Belfast Telegraph

A little eastern magic helps light up city communities

by Fiona Rutherford

Short Strand community centre was shimmering with lights and Indian decorations as five interface communities joined their Indian neighbours to celebrate Diwali, the Hindu Festival of Lights.

The five day festival is held in honour of Lakshmi, the Hindu goddess of wealth and prosperity and incorporates the Hindu new year.

Residents from the Short Strand, Lower Newtownards Road, Lower Ravenhill Road, Lower Castlereagh Road and Lower Woodstock Road areas sampled traditional Diwali food and tried Indian dancing.

As part of the project, children from the five areas took part in workshops organised through the Lower Crescent Arts Centre’s Community Outreach Service, learning about Diwali, including the story of Prince Rama and his wife Sita, traditional dances and making masks for the Festival of Lights.

Eileen Mellon, from the Housing Executive’s Community Cohesion Unit, which runs the programme with Peace III funding with the support of Belfast City Council’s Good Relations unit, said: “The aim of the Inner East Local Area Network Programme is to develop positive relations at a local level, regardless of religion or ethnic background, as well as securing shared city space. This project has done just that on every level. Not only has it built upon the positive relationships that already existed between the five communities but I believe it will also go a long way in making residents from different ethnic backgrounds realise that they too are an integral part of the Inner East Belfast community.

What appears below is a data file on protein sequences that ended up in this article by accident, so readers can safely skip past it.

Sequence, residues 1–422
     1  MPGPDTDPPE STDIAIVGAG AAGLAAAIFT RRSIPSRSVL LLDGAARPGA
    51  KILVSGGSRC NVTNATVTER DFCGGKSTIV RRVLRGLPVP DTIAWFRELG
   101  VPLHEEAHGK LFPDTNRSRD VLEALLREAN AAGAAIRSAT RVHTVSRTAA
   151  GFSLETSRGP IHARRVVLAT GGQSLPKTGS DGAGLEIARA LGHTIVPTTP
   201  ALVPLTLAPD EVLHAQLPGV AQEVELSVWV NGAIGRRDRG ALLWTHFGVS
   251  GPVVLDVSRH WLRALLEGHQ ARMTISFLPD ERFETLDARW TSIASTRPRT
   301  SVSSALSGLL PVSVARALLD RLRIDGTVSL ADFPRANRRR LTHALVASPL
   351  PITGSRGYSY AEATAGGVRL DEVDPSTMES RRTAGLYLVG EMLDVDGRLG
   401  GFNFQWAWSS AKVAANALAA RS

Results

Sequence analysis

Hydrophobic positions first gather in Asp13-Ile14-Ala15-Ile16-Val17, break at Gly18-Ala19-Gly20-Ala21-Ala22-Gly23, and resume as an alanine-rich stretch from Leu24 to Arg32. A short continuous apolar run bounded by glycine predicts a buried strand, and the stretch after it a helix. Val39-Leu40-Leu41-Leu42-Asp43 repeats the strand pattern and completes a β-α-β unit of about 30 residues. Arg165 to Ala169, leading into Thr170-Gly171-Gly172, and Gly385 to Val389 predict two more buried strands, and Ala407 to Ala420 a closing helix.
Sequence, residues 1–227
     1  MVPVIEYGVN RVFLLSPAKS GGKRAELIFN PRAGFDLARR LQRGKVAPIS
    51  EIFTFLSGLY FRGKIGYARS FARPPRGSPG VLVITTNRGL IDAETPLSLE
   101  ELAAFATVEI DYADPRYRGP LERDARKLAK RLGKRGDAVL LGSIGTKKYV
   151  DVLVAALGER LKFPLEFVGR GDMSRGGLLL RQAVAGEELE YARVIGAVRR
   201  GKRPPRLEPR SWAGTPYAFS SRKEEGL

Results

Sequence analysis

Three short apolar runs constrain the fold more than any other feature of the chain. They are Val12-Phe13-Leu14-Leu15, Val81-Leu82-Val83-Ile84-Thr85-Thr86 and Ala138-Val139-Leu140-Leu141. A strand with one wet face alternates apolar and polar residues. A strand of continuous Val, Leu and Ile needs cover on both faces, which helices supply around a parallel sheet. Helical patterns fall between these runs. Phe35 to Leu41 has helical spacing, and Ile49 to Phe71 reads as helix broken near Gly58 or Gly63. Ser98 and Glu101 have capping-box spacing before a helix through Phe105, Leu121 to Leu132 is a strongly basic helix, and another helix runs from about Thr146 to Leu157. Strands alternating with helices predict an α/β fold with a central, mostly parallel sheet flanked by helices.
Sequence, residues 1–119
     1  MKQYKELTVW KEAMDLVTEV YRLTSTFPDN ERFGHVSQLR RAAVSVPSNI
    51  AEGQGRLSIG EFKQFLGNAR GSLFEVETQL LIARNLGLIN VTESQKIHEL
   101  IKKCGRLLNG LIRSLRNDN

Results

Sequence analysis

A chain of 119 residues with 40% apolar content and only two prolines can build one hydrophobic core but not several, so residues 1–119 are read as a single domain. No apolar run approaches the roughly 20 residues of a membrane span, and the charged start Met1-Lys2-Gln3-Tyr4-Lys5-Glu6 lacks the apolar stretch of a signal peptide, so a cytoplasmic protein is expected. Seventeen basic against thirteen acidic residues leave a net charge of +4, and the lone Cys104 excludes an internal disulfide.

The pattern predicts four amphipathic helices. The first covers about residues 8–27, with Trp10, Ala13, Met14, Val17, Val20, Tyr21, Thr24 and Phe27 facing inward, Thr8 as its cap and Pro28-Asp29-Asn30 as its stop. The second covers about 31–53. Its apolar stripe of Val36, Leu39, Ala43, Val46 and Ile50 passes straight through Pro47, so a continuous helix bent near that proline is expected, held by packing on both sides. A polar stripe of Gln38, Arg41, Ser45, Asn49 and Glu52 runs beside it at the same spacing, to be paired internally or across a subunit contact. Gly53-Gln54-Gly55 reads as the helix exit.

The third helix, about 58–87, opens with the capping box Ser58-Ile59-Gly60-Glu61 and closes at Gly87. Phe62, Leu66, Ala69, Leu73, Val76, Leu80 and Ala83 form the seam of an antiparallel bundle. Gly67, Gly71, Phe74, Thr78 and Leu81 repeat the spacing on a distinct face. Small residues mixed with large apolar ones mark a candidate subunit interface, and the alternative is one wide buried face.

“I hope that this is the first of many such projects in east Belfast.”

Bernie McConnell, from the Short Strand Community Forum, added: “I’m delighted with the success of the project. We have done something similar in previous years in Short Strand on a smaller scale but because the other four communities have joined in the festivities this year, the project has turned into something special.

“I have to say the enthusiasm of the children was second to none — they all mixed really well and seemed to enjoy the whole experience.” She thanked organiser Agnes McKinley and everyone involved and added: “Hopefully it can become an annual event.”

Indumathi Kandur was there with her son Rajaram. “I really appreciate people taking this forward step to mitigate cultural differences and making us feel that we are not very far from our motherland.”

Subarna Basu, who prepared the food, said: “I am really grateful to the organisers for inviting me to take an active part in this event and I pray to God that there be light in their lives and our society in general for many years to come.”

Belfast Telegraph


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